When we succeed at doing something creative, like writing a book, getting a painting accepted into an art show, inventing something that in some small way makes the world a better place – in our Extraverted world, we’re unfortunately rewarded with something that many people don’t want. A spotlight is cast upon us and we’re asked to make a public speech. This prize is enough of a demotivator that some people have said: they are discouraged away from even trying to do anything creative.
Why do some people love the attention of speaking and others prefer to be listeners? The difference between Introversion and Extraversion is simply that Introverted persons tend to mostly prefer alone time for reflecting to charge their energy while Extraverted persons instead mostly recharge by being around others and engaging their world.
But, comfort with public speaking is about something else entirely – it’s about practice. By their very nature, Introverts tend to get less practice speaking so they often don’t give themselves the opportunity to develop the skills of a typical Extravert – who tends to have more practice engaging with people. With practice, public speaking is something that everyone can succeed at and even enjoy. Public speaking isn’t the critical problem for introverts but something else is.
There is one overarching disadvantage of being an Introvert that many don’t realize – and knowing what it is can help when it matters. I briefly write about this in CREATIVE YOU and now realize more needs to be said. We all have a dominant function that relates to our greatest strength. While Extraverted people tend to lead with their strengths, the disadvantage that Introverts face is that they often conceal their strongest function. Introverts frequently keep the richness of their inner world to themselves and a trusted few, and instead, what they share is their second strongest function.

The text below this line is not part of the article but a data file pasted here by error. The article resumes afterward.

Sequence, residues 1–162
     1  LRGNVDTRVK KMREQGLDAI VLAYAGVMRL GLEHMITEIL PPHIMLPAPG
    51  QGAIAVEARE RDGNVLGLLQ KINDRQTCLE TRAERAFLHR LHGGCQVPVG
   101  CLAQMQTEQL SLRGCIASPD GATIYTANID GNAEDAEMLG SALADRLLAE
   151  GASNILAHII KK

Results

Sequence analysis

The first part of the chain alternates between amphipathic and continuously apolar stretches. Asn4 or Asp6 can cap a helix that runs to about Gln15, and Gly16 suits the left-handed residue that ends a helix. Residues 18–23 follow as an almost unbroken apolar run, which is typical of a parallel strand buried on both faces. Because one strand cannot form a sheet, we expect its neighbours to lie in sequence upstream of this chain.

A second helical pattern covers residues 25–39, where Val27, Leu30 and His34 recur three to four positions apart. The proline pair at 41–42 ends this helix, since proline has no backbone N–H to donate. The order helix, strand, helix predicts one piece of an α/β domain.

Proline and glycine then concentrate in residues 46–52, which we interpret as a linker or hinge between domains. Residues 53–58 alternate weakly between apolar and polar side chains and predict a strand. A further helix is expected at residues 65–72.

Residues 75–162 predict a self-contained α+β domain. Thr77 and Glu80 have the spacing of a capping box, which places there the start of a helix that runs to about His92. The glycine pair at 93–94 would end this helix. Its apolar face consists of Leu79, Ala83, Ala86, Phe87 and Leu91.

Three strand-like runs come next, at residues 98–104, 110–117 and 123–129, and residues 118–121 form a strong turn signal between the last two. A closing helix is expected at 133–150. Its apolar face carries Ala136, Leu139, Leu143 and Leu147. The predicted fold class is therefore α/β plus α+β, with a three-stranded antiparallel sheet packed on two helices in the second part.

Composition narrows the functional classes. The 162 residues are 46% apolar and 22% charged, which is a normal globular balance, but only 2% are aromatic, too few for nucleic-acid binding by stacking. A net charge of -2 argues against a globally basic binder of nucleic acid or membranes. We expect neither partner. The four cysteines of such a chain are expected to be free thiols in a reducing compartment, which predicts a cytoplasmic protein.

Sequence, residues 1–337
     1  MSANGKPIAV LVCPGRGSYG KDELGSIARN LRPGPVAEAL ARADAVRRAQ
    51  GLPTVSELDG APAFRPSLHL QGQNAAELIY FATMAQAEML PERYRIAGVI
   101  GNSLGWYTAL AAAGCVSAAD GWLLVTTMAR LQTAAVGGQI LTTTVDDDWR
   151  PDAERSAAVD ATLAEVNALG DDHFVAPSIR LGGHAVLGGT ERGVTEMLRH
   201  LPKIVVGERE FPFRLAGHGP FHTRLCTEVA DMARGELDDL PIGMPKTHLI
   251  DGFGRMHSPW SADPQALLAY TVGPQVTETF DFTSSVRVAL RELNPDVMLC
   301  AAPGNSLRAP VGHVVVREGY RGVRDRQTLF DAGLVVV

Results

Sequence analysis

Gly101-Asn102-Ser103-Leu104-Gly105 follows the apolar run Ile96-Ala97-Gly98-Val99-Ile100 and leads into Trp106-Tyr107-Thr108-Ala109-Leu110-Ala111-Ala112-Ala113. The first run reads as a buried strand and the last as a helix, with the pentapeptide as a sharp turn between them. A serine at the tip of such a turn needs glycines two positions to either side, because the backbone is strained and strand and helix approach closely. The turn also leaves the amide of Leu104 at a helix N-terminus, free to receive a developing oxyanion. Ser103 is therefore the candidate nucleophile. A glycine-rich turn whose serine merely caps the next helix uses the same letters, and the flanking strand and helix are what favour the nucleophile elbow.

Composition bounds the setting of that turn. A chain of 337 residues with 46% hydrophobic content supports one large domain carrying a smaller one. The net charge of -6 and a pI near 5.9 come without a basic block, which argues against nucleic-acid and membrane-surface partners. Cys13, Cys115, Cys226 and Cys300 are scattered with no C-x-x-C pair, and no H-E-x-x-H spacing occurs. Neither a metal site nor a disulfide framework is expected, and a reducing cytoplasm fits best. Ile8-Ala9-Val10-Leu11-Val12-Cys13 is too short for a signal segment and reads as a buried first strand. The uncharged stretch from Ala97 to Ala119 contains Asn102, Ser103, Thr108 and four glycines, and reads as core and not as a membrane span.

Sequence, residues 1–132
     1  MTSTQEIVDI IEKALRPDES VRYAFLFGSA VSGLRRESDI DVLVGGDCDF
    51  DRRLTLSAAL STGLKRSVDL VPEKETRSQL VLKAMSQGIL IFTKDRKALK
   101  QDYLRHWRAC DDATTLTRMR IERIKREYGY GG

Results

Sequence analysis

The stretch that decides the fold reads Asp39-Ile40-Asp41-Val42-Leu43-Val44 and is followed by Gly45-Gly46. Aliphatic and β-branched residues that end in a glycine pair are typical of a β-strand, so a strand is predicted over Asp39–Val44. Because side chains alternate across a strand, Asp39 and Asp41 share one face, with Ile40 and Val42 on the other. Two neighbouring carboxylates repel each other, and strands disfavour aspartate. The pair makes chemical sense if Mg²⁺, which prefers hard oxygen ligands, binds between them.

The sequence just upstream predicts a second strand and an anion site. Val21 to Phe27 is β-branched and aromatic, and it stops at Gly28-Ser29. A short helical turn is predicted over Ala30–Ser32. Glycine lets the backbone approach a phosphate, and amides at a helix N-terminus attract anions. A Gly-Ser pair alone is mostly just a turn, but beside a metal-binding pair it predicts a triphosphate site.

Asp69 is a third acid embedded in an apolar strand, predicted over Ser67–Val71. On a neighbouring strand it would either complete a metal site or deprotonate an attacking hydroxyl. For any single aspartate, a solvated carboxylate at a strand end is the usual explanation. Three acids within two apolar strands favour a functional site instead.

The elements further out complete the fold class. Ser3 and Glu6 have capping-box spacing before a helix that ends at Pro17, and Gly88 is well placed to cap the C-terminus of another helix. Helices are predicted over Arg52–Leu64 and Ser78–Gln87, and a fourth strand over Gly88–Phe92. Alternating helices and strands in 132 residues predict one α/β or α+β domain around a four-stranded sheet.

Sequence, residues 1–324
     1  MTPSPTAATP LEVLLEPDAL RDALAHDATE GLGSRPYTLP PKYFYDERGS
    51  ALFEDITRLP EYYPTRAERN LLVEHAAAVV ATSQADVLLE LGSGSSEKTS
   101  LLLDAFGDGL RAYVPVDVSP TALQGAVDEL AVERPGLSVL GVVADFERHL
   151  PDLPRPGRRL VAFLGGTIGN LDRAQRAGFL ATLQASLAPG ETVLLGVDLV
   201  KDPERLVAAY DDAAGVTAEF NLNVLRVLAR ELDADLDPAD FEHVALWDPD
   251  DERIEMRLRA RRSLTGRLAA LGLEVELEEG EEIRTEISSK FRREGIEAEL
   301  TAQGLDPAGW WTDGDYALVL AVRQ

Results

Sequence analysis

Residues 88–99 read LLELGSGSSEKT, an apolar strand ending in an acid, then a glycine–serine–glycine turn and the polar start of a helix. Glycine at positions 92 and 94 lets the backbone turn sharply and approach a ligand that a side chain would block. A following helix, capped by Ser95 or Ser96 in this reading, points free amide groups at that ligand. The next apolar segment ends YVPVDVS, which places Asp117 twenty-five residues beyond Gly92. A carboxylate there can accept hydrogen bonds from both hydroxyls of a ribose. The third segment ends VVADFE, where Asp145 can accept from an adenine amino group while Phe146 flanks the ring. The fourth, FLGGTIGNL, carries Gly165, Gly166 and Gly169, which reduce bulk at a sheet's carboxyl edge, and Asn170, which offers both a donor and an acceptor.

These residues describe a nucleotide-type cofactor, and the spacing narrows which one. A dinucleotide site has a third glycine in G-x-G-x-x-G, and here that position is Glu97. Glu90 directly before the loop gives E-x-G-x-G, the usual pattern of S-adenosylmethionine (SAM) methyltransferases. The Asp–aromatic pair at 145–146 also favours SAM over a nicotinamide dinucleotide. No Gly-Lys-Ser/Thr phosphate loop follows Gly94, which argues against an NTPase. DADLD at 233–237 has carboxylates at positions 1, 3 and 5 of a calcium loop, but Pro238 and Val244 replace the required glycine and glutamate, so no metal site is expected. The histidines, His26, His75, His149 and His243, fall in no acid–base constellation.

Sometimes using your second best is ok, but in our hyper-competitive world, it certainly puts us at a self-inflicted disadvantage. To understand, we don’t need a technical discussion about our cognitive functions here because I think you can imagine playing a poker game where an Introverted person lays out a second best hand in front of an Extravert who shows only the best cards. What if we didn’t send our very best athletes to the Olympics but instead sent the folks who just missed in the trials. For Introverts, it’s the lead played by our understudy night-after-night while the star is able and watching from the dressing room. It’s the Introverts nature to hold back their best and if you tend to do this, its not only a supreme competitive disadvantage for yourself, it does a disservice to those who depend on you to bringing your A-game.
For Extraverts, by fostering an environment of trust, you gain trust from your Introverted colleagues and they are more likely to share their richness of thought. And Introverts, to be appreciated, respected and to better contribute –
sometimes its not enough to know, you have to show what you know.
By simply curving a line to become an ocean wave you are sharing what’s important – you don’t have to share the depths but at least share enough near the surface for others to know what you are about.
Being creativity can takes quiet contemplation and sharing your best ideas has risk plus takes courage. When it matters – set out your finest china and fill your crystal glasses to serve your best ideas – good things will happen.